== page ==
It's extremely interesting o look back here at the very different Moiraine Robert Jordan presented in New Spring. Barely older than Rand or Egwene, younger than Nynaeve, Moiraine had much in common with the younglings: impetuous and prone to take risks or go blindly in dangerous situations. She already had Perrin's deep sense of duty and responsability, the stubborness and strong will of Rand and Egwene - and like them she disliked authority, being told what to do and being limited in the decisions affecting her own life - fleeing as Mat would have done when the Hall wanted to settle her down as Queen of Cairhien. Siuan herself was much like Mat, loving pranks, wanting to have adventures around the world and fearing to be saddled with responsabilities. How they have changed since!
There is an amusing moment in 'Doorways', when Moiraine mentions sarcastically Siuan's writ. So the girls did flash her in her face at some earlier point... It's a pity Jordan didn't think or want to tell us how that episode went, or had it happen on-screen. Moiraine made strange decisions about Joiya and Amico. It's atypical of her, and her measure of her obsession with Rand at that point, to have had so little interest in women who were involved directly with a Forsaken in a trap set for Rand. She barely devoted any effort to making them spill what they knew, much to the girls' frustration. She would have gotten far more out of Amico, certainly - Joiya being a lost cause because of her Oaths. But Moiraine bizarelly dismissed them as unimportant - right before the Shadow decided that they knew too much to be left alive...
Moiraine's Cairhienin-style manipulations, her real opinions of some of the younglings too, become more apparent in her POV in chapter 21, Into the Heart.
There are many amusing and/or interesting moments in this chapter. First there is Moiraine irritated because Lan has vanished and failed to stay at her side. Musing over how well Nynave has bound him to her though in her thinking Lan is still fighting it fiercely (no longer as much as she believes, though), she wonders what the hell Lan can be doing. He simply enough was playing the worried lover and warder to Nynaeve by sending Juilin to them, Nynaeve whom Moiraine was all too glad to get out of the way, even if it meant to the dangers of Tanchico.
Then there is Moiraine once more showing how completely off-track she is in her judgement of the personal relationships in the group. She tries to manipulate Egwene into getting Rand to confide in her - Egwene sees her coming and it earns Moraine a sidelong glance. Ooops... those simple manipulations no longer work! Egwene then explains to Moiraine what really goes on with Rand: He will not confide in anyone, Moiraine. He hides his pains, and hopes he can deal with them before anyone notices." Anger flashed across Egwene's face. "The wool-brained mule!" Moiraine completely misinterpret the reaction, thinking Egwene is upset over Rand and Elayne.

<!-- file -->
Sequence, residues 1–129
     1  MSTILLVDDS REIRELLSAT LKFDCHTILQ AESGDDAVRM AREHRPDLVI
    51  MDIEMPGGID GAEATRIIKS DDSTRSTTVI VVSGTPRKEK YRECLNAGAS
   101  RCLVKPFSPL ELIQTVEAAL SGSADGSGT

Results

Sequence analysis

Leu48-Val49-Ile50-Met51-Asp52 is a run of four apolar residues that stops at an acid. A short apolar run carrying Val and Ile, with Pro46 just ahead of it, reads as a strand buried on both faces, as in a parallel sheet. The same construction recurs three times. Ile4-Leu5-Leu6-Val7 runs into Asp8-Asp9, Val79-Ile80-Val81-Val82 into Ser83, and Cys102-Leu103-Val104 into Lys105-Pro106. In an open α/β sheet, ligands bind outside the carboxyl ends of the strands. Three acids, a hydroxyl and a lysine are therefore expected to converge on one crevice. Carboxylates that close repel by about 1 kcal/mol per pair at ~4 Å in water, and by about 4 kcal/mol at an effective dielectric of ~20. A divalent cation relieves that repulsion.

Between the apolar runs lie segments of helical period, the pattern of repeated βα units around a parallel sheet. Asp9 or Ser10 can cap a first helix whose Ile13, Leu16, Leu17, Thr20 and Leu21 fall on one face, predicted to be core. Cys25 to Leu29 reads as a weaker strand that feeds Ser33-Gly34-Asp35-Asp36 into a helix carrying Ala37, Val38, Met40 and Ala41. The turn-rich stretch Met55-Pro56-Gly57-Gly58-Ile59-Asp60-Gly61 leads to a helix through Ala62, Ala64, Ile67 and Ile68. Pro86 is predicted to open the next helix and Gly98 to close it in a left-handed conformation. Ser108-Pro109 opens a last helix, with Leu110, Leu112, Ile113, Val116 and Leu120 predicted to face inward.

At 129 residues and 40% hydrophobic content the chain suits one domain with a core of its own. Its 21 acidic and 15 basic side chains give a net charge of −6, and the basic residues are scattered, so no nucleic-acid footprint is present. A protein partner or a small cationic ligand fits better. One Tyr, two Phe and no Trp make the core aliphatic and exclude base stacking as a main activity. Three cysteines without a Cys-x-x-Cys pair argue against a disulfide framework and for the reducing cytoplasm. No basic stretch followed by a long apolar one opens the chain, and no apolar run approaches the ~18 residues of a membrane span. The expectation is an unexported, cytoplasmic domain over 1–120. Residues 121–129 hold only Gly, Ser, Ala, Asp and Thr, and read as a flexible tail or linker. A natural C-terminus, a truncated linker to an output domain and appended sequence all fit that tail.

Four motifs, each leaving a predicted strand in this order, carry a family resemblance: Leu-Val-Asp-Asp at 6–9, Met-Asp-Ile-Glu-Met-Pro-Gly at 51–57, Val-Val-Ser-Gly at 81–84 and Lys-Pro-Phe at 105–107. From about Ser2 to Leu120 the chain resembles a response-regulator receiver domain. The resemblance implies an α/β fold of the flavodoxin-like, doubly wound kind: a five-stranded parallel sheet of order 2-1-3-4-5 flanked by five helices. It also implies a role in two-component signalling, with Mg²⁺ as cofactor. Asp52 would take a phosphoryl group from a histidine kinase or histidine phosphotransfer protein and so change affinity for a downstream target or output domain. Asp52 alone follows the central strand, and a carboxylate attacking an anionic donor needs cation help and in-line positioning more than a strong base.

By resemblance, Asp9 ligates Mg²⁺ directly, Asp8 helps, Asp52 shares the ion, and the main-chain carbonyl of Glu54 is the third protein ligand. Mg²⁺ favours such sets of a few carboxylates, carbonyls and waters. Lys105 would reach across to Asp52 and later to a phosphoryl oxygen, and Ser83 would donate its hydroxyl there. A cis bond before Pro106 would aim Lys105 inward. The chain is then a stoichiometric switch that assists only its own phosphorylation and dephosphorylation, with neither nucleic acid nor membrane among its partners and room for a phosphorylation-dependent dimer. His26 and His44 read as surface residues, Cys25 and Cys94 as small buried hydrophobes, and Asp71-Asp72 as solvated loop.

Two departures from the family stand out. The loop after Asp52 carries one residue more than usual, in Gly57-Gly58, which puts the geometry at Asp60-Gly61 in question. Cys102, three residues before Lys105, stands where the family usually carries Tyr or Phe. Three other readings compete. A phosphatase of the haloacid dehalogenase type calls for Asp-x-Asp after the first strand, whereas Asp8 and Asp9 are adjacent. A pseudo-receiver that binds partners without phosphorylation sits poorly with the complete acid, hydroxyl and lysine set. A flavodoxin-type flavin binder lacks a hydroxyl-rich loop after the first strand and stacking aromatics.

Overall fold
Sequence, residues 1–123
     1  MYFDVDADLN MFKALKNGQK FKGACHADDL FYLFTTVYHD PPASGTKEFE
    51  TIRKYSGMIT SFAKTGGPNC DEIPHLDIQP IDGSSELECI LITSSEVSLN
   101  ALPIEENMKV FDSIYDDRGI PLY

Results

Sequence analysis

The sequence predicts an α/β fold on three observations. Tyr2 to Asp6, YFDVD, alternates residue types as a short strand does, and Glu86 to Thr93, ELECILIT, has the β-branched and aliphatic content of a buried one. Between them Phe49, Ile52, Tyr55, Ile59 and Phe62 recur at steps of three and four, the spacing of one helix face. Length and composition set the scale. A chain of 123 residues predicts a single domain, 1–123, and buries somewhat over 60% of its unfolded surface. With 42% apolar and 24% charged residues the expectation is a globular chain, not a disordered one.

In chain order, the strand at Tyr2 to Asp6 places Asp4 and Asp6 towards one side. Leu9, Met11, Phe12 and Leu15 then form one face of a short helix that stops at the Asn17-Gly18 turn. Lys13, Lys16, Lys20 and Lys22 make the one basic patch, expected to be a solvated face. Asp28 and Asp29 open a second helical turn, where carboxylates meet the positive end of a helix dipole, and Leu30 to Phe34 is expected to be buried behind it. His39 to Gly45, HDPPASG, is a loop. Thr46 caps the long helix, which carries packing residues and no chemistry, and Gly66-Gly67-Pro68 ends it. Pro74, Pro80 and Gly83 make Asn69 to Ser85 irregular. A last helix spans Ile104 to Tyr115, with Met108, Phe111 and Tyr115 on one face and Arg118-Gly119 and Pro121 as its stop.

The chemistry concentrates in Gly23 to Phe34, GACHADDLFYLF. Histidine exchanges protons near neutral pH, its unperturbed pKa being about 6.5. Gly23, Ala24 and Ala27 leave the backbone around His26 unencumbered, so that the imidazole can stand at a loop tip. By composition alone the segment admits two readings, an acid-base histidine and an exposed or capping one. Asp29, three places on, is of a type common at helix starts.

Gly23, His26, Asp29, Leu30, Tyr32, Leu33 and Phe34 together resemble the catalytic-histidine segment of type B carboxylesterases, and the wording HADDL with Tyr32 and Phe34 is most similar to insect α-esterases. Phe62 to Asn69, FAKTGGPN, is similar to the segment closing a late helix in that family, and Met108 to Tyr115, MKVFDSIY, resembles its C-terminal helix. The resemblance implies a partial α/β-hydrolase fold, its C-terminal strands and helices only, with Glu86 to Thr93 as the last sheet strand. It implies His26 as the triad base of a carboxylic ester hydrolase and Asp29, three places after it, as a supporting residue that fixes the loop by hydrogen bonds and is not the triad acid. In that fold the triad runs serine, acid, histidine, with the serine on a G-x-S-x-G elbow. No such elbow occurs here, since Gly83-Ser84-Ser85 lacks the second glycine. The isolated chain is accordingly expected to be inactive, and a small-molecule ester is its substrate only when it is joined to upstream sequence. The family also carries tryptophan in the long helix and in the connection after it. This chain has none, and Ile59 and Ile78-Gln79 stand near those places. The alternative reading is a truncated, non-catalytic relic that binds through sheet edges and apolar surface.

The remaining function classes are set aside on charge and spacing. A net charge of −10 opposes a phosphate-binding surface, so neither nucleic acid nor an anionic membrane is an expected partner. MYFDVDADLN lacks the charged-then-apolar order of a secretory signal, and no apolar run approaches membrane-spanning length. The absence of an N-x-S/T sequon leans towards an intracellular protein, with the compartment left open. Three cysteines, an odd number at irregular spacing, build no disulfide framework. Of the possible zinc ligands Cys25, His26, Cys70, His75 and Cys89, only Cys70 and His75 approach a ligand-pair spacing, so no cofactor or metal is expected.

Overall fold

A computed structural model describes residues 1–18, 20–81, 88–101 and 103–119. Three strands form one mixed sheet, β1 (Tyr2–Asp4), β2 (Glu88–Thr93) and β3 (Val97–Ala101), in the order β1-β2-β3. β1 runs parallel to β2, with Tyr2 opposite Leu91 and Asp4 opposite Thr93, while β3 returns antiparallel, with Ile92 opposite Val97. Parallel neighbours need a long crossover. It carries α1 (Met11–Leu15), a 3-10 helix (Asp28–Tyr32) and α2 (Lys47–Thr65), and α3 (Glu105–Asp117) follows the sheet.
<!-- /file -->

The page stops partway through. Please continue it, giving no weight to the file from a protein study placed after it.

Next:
Moiraine again makes a mistake in judgement, this time about the plans of the Black Ajah, and reveals what the earlier chapter suggested about her manipulations of the girls:
"The purported plan with Mazrim Taim was much the more likely of the two, but her messages to the Amyrlin should have taken care of that. The two young women could handle the much less likely eventuality of a mysterious danger hidden in Tanchico, and they were out of her hair and away from Rand. She only regretted that Egwene had refused to go with them. Tar Valon would have been best for all three, but Tanchico would do.
"Speaking of wool-brained, do you mean to continue with this plan to go into the Waste?"
"I do," the girl said, firmly. She needed to be back in the Tower, training her strength. What was Siuan thinking of? She will probably give me one of those sayings about boats and fish, when I can ask her.
At least Egwene would be out of the way, too, and the Aiel girl would look after her.
Into the Heart also shows how dangerously arrogant Moiraine had become : "the boy had to depend on her counsel. Hers, and hers alone." Who thinks she turns the Wheel of Time...
Jordan also introduces a notion that he would develop in the Two Rivers story line. For all her studies of the Prophecies (perhaps too focussed on her part on trying to find in them a coherent plan she could follow), Moiraine has no idea that Mat is referred to in them as The Fox and - more easier to puzzle out at that point - Perrin as the Wolf-King and his Hammer: "There was no guide to how they were connected, or what they were supposed to do; the Prophecies never mentioned companions." In fact, they held clues - Moiraine simply looked in them for the wrong things. It's Verin who will outdo Moiraine on this one after a few days observing Perrin, as we'll see later in the book.